Conquer Tack Room Clutter: How to Organize for Success- Part 2

  • Tack Room Clutter

Part 2: Then, there was SOME order…

In last week’s piece, I showed you where I started with my home, car and barn tack room chaos. As you could probably tell from the photos, it was not a pretty picture! I have so much stuff – I mean, I knew I had a lot of horse items, but I really did not know the depths of my addiction until I started digging into it. As you will recall, I’m basing my organizational methods on The Life-Changing Magic of Tidying Up: The Japanese Art of Decluttering and Organizing, by Marie Kondo. Her KonMari method has changed the lives of many people by allowing them the freedom to de-clutter using one simple principle: If you don’t love it, don’t keep it!

IMG_20160225_182952078I quickly realized after I started that I would have to adapt the principles to work in this particular case. For instance, the KonMari method typically requires that you organize one type of item at once, but, obviously for our purposes I chose to stick to one category at once – horse equipment! According to Marie Kondo, a well-organized space should be able to hold many items – well, isn’t that what we all would like? Additionally, I found that this method works particularly well for those of us who have small spaces that we need to maximize. As you can see, my laundry room does quadruple duty now – as a tack room, laundry room and mud room, plus having space for our cat.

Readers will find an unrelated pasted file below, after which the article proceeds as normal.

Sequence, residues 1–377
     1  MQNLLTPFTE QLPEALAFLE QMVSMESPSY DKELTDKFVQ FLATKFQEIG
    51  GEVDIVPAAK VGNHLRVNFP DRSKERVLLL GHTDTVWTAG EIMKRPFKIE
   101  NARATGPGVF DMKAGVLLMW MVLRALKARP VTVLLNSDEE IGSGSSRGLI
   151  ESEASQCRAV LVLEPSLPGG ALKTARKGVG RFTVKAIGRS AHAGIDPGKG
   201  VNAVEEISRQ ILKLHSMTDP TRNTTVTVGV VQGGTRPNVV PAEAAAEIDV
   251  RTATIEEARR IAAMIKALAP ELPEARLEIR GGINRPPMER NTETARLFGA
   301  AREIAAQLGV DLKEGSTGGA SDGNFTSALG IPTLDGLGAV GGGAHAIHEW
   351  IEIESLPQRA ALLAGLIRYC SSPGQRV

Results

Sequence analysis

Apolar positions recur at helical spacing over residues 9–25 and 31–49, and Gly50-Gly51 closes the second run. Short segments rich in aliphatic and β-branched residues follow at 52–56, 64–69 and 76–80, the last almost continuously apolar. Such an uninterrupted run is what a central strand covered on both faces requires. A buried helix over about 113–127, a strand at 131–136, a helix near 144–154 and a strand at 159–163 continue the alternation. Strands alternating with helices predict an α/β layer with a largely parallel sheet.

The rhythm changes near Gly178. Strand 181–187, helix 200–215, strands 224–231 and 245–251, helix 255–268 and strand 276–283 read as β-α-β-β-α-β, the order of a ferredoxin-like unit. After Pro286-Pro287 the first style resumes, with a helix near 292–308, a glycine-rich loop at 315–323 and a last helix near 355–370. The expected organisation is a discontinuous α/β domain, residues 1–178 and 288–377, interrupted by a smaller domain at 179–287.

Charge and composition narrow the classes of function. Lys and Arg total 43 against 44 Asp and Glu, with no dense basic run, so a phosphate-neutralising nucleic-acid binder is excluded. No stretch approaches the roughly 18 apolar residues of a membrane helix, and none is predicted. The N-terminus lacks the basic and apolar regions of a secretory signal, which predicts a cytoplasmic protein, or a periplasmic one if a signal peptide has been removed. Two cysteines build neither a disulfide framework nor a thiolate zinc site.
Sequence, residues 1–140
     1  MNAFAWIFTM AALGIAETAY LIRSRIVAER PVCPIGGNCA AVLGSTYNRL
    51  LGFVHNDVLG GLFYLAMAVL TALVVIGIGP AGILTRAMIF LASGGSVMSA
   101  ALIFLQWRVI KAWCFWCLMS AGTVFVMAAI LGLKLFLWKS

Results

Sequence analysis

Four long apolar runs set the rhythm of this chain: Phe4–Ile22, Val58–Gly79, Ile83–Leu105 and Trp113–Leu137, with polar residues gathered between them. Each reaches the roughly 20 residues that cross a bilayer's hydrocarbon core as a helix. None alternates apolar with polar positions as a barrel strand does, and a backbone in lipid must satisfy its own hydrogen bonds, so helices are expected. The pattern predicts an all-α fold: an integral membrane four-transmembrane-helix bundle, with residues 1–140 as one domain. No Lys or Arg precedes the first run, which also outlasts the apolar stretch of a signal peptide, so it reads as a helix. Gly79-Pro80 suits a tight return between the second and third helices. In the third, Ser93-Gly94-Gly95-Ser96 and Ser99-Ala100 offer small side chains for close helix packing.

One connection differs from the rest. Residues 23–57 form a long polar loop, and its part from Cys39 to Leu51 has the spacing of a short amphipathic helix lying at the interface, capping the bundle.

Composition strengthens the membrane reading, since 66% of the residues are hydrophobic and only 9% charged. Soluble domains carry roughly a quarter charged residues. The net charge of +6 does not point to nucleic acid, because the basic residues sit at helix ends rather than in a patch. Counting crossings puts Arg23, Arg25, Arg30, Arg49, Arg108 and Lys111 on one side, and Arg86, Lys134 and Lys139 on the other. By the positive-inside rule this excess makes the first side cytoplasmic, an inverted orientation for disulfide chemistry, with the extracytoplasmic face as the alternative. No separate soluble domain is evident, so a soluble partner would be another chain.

In both my car and my home tack area, I have chosen to utilize large and small boxes and containers to organize my items. I was shocked at how much easier it was to find things once they were folded and sorted into bins. The biggest thing about organizing these two areas was sorting through the items that I no longer intended to keep and throwing out the trash first! I have so many old, worn out leg wraps – why on earth am I keeping them?

One other thing I noticed was how many items, particularly saddle pads and coolers, I was keeping out of sentimentality. Not only do I no longer use these items because I no longer have the horse(s) they belonged to, but they are responsible for a massive amount of cluttered space. Give yourself the freedom to let go of items that belong to horses you no longer have – by getting rid of an old saddle pad through a charity or consignment shop, you aren’t throwing out your memories or cheapening your time together in any way – you are simply removing clutter and stress from your life and making room for peace and new memories

Screen Shot 2016-02-24 at 5.54.21 PMAbout the Author:

Stacy Bromley Cheetham, MPA grew up riding horses. She currently resides in Raleigh, NC with her boyfriend, her two rescue Pomeranians, an ornery calico cat, and is working with a promising young OTTB, Indelible (Hanna No Sir) who came from the Track to Tranquility race rehoming program. She is a fundraiser for a local nonprofit and is the Silent Auction Chair for Duke Jump for the Children, an AA rated horse show benefiting Duke Children’s Hospital.

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